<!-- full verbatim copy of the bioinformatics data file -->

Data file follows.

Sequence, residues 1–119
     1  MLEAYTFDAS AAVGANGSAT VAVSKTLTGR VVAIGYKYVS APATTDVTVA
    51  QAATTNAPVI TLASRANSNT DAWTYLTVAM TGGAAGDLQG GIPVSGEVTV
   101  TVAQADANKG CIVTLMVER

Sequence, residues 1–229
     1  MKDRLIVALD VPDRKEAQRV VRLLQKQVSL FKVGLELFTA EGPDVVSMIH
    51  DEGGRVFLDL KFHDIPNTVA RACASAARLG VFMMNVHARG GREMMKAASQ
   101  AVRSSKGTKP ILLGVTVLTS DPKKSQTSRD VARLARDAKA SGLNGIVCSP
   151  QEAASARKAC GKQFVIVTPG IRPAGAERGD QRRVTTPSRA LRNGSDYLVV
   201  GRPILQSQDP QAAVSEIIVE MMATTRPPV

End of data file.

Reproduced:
Sequence, residues 1–119
     1  MLEAYTFDAS AAVGANGSAT VAVSKTLTGR VVAIGYKYVS APATTDVTVA
    51  QAATTNAPVI TLASRANSNT DAWTYLTVAM TGGAAGDLQG GIPVSGEVTV
   101  TVAQADANKG CIVTLMVER

Sequence, residues 1–229
     1  MKDRLIVALD VPDRKEAQRV VRLLQKQVSL FKVGLELFTA EGPDVVSMIH
    51  DEGGRVFLDL KFHDIPNTVA RACASAARLG VFMMNVHARG GREMMKAASQ
   101  AVRSSKGTKP ILLGVTVLTS DPKKSQTSRD VARLARDAKA SGLNGIVCSP
   151  QEAASARKAC GKQFVIVTPG IRPAGAERGD QRRVTTPSRA LRNGSDYLVV
   201  GRPILQSQDP QAAVSEIIVE MMATTRPPV